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The Azide Process

    
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Tungsten raised to 2,500°C slowly evaporates, and this limits the life of 'bright' emitter filaments. A much lower temperature dramatically reduces thermionic emission. Fleming's original work was to investigate the blackening of the insides of lamps due to this evaporation, and the shadows cast by the filament supports.

Tungsten was typically worked by powder metallurgy methods, and it was found by Coolidge that the addition of a little thoria (thorium oxide) made the Tungsten more ductile. Langmuir found that filaments made this way produced excess electron emission over pure Tungsten and at could work at lower temperatures. This work resulted in emitting surfaces that were efficient at lower temperatures, the original dull emitters exploited this combination and were known as thoriated tungsten filaments. They operated at about 1,800°C.

As early as 1903 Wehnelt had found that grease contaminating a platinium filament produced enhanced emission. This work resulted in the knowledge that oxides of certain alkaline earth metals (calcium, barium etc.) produced emission equal to pure Tungsten but at considerably lower temperatures. The problem was devising a suitable technology to reliably exploit these facts.

The azide process, sometimes confused with the oxide-coating process, was developed on the Continent by Philips in 1924-5 and introduced to Britain when Philips acquired a controlling interest in Mullard in 1925-26. The first Philips-Mullard (PM series) azide valves to be announced (1925) were the PM3 and PM4. However, there were great technical problems at the Mullard works at this time and hearsay has it that all the early specimens were imported from the Philips factory in Eindhoven and relabelled as 'British Made' in order to appear to conform to the rules of the BVA cartel. The first British-made azide type to reach the market was the PM3 (late 1925?), followed by the PM4 which had a better specification and was harder to make. It is said that Mullards had so many thousands of below- spec valves that they bought up a small company (the Six-Sixty Valve Co.) to provide an outlet at the bottom end of the market.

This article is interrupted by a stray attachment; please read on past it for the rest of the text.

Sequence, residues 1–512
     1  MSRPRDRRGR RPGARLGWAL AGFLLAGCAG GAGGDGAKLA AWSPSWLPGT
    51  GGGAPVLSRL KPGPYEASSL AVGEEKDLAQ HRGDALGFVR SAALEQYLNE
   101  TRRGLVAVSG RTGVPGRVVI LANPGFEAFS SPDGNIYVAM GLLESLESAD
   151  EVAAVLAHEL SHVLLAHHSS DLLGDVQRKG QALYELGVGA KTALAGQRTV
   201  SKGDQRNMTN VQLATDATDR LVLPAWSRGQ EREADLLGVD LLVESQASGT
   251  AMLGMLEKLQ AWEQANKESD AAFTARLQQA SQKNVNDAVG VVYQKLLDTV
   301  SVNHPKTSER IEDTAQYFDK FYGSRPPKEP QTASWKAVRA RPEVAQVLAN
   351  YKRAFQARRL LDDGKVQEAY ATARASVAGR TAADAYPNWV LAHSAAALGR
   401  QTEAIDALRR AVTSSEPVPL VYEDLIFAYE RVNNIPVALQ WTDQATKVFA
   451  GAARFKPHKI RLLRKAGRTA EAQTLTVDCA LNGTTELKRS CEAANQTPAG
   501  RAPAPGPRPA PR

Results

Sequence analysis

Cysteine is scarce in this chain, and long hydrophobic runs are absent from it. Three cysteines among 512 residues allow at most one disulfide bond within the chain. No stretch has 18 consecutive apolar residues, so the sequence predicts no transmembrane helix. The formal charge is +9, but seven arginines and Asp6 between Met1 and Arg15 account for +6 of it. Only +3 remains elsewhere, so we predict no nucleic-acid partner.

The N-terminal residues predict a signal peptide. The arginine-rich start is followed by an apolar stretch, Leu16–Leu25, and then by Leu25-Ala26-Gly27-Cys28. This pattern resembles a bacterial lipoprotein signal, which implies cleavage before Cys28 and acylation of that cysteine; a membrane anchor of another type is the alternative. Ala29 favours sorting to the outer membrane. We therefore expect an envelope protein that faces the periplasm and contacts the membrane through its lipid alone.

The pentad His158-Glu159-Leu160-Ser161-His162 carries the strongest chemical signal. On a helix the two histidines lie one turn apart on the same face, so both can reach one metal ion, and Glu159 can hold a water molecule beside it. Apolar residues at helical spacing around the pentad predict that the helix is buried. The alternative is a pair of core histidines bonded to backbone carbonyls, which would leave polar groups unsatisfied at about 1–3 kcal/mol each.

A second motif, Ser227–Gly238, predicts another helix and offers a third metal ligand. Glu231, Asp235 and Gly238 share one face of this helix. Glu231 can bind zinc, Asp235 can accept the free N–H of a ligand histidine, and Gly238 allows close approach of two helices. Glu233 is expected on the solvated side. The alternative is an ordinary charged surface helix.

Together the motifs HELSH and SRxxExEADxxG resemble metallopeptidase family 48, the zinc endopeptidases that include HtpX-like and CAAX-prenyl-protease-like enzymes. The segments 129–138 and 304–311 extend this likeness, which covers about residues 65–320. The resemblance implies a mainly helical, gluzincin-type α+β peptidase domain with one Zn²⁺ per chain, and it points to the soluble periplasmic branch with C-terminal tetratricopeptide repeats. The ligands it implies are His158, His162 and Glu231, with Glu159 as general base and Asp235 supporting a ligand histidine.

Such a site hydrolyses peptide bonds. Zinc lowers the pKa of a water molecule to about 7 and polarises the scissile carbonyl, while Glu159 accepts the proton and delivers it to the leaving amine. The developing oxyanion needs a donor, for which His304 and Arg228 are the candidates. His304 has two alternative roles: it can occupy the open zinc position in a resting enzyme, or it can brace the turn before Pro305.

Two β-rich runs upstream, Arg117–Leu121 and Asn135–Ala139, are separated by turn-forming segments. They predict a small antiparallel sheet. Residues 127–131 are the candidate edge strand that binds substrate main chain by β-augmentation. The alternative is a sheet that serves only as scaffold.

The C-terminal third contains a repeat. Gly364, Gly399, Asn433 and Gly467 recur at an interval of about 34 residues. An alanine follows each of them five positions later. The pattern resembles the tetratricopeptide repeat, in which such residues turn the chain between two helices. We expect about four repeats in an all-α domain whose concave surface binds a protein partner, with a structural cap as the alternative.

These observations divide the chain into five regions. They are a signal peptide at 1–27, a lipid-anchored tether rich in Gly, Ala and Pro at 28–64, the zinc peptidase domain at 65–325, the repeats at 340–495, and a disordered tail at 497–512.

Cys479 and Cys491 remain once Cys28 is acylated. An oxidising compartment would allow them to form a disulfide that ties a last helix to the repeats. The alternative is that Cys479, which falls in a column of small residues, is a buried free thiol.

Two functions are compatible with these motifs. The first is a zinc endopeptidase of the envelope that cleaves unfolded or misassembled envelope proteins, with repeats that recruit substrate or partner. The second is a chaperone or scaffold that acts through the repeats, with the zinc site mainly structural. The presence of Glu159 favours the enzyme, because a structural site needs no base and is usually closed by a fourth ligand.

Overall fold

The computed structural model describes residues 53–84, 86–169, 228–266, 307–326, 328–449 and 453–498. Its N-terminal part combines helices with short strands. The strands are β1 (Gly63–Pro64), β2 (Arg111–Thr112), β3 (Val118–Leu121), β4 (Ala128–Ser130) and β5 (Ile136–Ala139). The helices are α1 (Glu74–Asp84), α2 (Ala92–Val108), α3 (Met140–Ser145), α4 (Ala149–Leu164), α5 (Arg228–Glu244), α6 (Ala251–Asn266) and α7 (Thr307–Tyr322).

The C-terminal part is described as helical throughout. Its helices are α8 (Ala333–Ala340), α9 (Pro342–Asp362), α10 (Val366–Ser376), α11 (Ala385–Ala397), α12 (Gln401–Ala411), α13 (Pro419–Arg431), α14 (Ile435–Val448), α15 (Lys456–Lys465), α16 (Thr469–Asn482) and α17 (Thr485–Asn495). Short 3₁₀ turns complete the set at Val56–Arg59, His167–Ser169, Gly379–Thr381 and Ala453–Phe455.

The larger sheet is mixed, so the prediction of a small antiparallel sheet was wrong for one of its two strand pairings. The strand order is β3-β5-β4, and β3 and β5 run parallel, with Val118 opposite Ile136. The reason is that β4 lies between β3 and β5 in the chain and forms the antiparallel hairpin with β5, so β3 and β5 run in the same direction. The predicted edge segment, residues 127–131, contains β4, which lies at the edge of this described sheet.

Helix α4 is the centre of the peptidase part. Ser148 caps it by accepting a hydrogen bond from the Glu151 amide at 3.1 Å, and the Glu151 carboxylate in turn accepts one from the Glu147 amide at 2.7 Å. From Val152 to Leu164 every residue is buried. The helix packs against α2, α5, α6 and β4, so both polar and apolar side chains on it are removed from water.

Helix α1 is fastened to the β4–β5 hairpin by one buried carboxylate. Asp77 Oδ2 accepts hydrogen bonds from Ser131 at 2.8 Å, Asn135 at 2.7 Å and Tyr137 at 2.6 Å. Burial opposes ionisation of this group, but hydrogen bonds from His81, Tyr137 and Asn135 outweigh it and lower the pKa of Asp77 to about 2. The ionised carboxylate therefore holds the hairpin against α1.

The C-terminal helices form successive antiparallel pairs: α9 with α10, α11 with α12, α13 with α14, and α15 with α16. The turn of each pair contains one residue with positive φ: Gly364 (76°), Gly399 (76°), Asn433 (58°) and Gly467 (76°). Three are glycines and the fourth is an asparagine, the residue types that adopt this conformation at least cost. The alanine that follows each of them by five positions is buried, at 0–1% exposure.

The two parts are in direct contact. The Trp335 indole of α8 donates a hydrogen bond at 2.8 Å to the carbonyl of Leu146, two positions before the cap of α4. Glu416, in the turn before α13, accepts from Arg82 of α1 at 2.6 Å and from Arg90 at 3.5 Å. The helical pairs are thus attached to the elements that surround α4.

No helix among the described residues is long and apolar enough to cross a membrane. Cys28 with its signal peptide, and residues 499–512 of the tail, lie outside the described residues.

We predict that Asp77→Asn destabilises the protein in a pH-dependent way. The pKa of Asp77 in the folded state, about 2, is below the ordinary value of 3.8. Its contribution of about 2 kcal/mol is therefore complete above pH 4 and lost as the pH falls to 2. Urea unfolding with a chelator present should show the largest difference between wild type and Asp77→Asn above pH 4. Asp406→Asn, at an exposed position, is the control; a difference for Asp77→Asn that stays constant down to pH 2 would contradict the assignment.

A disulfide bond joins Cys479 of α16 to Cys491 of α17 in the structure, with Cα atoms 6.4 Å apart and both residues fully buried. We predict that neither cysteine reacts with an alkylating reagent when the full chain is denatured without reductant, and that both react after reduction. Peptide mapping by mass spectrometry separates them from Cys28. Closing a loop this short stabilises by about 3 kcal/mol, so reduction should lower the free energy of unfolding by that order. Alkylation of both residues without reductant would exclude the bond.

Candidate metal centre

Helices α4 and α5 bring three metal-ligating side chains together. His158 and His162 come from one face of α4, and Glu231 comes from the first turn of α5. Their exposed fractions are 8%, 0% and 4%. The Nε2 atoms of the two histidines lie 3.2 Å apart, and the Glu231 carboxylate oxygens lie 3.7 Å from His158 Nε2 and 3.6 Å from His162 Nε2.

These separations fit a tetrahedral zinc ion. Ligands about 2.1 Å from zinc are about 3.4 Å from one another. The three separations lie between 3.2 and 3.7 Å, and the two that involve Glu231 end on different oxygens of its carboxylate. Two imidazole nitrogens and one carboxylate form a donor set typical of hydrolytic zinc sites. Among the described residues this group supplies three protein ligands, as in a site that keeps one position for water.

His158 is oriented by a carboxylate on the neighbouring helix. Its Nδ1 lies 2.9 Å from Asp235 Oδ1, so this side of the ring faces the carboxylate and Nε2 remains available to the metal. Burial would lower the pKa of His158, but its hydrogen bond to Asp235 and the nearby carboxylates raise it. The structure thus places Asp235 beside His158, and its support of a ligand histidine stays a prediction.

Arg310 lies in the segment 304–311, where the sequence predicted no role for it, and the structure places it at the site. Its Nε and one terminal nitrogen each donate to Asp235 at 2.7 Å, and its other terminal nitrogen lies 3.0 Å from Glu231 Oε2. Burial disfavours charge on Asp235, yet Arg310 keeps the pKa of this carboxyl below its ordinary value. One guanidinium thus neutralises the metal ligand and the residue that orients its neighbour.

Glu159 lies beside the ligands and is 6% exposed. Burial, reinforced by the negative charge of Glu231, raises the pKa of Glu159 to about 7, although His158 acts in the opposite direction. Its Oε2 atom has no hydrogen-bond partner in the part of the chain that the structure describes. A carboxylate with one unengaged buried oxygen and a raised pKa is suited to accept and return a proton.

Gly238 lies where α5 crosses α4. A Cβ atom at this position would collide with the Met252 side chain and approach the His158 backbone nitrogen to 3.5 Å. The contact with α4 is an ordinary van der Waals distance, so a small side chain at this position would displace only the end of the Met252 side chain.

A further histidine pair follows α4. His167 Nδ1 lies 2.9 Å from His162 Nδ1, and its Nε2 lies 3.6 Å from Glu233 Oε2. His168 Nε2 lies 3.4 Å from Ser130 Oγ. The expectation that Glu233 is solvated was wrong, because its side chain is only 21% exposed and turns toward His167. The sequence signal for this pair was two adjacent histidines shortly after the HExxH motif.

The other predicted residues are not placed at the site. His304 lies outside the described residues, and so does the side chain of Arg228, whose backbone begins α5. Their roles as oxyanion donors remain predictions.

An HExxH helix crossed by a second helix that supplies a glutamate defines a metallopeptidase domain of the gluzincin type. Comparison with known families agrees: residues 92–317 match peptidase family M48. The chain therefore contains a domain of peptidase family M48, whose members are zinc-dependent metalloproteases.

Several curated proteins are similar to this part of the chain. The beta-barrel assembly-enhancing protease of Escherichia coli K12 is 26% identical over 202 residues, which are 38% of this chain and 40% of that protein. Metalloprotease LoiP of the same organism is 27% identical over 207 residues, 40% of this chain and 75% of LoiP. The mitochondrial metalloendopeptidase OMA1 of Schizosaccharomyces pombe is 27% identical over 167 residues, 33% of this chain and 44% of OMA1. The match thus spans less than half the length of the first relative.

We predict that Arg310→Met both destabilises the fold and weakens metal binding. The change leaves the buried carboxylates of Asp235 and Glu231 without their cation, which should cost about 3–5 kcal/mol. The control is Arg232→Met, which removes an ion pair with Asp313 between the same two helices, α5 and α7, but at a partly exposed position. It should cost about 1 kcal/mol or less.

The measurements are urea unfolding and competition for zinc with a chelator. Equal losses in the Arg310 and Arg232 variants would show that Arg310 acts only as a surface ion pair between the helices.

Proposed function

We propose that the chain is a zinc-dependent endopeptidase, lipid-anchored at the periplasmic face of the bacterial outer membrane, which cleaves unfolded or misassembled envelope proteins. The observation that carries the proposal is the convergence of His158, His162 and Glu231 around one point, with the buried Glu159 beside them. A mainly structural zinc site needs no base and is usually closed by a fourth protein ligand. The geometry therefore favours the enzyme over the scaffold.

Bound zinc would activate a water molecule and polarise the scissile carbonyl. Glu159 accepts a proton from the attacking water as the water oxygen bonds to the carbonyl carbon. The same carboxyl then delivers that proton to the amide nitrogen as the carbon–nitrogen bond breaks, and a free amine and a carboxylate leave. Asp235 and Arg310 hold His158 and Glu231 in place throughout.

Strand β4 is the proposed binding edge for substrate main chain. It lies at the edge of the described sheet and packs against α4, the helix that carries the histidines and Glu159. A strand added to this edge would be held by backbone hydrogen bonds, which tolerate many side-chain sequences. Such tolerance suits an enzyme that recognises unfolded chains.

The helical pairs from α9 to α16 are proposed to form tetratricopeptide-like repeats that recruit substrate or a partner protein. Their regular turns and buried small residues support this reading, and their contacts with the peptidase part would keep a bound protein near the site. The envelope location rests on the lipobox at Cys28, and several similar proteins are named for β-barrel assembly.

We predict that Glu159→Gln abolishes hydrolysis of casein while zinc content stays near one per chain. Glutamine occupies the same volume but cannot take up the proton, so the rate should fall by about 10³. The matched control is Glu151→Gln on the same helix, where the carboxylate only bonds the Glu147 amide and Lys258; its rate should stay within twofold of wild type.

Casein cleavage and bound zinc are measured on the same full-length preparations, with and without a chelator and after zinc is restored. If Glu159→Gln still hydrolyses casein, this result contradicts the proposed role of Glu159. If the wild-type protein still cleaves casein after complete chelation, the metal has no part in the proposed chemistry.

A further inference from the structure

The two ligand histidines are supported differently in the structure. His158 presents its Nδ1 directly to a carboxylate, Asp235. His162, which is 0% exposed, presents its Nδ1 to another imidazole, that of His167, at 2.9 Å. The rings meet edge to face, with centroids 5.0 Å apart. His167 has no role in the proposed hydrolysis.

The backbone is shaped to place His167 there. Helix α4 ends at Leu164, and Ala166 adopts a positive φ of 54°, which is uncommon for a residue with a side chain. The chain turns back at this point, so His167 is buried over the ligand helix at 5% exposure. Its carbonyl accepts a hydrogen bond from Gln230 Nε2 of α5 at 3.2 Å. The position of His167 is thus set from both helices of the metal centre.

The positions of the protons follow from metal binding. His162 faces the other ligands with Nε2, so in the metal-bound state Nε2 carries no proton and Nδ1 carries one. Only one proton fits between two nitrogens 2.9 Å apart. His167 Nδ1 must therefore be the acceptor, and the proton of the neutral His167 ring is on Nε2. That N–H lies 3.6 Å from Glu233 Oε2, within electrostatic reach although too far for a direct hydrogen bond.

Several methods were employed as the technology evolved. In the azide process a Tungsten (or possibly nickel) filament was first oxidised, or a copper layer on the filament was oxidised. The anode would be initially coated with barium azide. In manufacture, during vacuum pumping, the anode would be heated to vapourize the azide. At high temperature the vapour would decompose to form barium and nitrogen. The barium would react with the oxide on the filament to form a barium oxide layer on the Tungsten. The barium also deposited itself on the inner surface of the envelope where it acted as a getter to absorb the final gas molecules after the valve was sealed. One conspicuous feature of the Mullard form of the azide process was heavy internal blackening of the glass bulb (eg PM22). This was OK while competitors' valves were equally black (although some used a magnesium pre-getter to make the glass look silvery rather than black)

High efficiency emitters required an even and thin layer of oxide on the filament. The axide process was not capable of generating the uniformity required. Additionally the process could not confine the barium to just the required areas of the filament. In fact the azide process tended to splash barium and other material all over the place; glass insulators placed 'out of the way' had to be used instead of mica supports.

The azide process was not suited to the manufacture of indirectly-heated valves

Another technology, the paste coated cathode, replaced the azide process and became the standard process.

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